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S. 2014 (115th): Prove It Act of 2017

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A bill to require greater transparency for Federal regulatory decisions that impact small businesses.

The bill’s titles are written by its sponsor.

Sponsor and status

Joni Ernst

Sponsor. Junior Senator for Iowa. Republican.

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Last Updated: Oct 26, 2017
Length: 5 pages
Oct 26, 2017
115th Congress (2017–2019)
Died in a previous Congress

This bill was introduced on October 26, 2017, in a previous session of Congress, but it did not receive a vote.


Position statements

What legislators are saying

Senators: Pruitt Conflicts, Industry Capture of Trump Administration Renders EPA’s Proposed Methane Rule Invalid
    — Sen. Sheldon Whitehouse [D-RI] on Dec 17, 2018

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    — Sen. Robert “Bob” Menendez [D-NJ] on May 22, 2018

Nadler & Jackson Lee Statement on Trump Administrations School Safety Commission Report
    — Rep. Jerrold Nadler [D-NY10] on Dec 19, 2018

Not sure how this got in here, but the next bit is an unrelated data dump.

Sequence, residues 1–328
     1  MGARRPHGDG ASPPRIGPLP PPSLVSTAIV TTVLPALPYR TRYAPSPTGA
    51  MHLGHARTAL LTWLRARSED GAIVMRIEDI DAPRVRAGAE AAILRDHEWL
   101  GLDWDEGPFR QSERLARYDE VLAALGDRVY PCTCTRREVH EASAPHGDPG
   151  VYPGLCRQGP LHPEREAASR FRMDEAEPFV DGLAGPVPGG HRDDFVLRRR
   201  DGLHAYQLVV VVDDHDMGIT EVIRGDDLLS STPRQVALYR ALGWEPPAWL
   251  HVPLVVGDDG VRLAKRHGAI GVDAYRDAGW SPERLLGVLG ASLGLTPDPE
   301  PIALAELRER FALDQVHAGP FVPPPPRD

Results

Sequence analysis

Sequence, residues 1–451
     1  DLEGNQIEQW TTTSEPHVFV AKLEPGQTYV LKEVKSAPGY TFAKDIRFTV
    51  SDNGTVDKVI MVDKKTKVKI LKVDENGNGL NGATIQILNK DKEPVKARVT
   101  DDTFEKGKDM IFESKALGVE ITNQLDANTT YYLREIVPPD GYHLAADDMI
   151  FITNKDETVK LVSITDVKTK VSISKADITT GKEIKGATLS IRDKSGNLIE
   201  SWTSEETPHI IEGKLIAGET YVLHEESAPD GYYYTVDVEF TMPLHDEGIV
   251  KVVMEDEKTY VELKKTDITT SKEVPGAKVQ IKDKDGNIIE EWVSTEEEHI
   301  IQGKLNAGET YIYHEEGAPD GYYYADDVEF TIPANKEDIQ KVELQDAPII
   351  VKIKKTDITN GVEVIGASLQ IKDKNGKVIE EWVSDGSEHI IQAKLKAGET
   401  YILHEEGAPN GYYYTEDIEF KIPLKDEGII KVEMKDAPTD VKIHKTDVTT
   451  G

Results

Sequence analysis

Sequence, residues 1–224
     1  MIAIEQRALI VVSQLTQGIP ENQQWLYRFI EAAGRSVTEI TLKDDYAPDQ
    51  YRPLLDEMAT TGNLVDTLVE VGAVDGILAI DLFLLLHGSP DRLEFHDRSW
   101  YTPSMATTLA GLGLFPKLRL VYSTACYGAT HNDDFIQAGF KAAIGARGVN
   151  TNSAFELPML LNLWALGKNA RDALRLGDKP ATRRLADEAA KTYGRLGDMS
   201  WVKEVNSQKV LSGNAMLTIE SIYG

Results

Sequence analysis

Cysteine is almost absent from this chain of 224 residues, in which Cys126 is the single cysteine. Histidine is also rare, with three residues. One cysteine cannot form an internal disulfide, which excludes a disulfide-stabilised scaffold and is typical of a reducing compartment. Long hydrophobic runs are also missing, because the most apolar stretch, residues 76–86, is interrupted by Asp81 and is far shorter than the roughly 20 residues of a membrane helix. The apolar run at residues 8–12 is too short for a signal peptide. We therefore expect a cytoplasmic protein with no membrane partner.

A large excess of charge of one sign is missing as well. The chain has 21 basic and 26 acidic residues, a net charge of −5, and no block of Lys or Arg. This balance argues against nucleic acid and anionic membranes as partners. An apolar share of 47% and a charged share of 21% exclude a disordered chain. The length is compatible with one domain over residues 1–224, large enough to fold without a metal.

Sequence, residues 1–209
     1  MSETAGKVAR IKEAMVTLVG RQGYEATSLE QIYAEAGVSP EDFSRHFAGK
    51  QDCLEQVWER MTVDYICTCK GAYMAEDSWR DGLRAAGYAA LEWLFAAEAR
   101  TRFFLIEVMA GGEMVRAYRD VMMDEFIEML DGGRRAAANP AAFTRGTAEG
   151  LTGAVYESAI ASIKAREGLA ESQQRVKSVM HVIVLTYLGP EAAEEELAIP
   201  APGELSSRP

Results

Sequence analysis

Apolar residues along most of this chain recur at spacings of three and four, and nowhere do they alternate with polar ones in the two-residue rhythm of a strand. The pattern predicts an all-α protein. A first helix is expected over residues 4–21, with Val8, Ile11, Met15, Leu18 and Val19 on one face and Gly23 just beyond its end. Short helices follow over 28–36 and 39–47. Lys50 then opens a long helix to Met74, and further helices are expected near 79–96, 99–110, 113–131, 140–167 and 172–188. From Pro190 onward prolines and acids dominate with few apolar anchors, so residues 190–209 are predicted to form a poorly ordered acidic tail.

More statements at ProPublica Represent...


Oct 26, 2017

Bills and resolutions are referred to committees which debate the bill before possibly sending it on to the whole chamber.

S. 2014 (115th) was a bill in the United States Congress.

A bill must be passed by both the House and Senate in identical form and then be signed by the President to become law.

Bills numbers restart every two years. That means there are other bills with the number S. 2014. This is the one from the 115th Congress.

This bill was introduced in the 115th Congress, which met from Jan 3, 2017 to Jan 3, 2019. Legislation not enacted by the end of a Congress is cleared from the books.

How to cite this information.

We recommend the following MLA-formatted citation when using the information you see here in academic work:

“S. 2014 — 115th Congress: Prove It Act of 2017.” 2017. October 21, 2020 <>

Where is this information from?

GovTrack automatically collects legislative information from a variety of governmental and non-governmental sources. This page is sourced primarily from, the official portal of the United States Congress. is generally updated one day after events occur, and so legislative activity shown here may be one day behind. Data via the congress project.